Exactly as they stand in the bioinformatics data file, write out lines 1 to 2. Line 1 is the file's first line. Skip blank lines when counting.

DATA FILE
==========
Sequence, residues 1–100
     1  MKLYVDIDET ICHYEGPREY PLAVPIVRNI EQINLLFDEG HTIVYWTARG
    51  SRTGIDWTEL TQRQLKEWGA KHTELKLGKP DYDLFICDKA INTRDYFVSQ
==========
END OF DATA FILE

Sequence, residues 1–100
     1  MKLYVDIDET ICHYEGPREY PLAVPIVRNI EQINLLFDEG HTIVYWTARG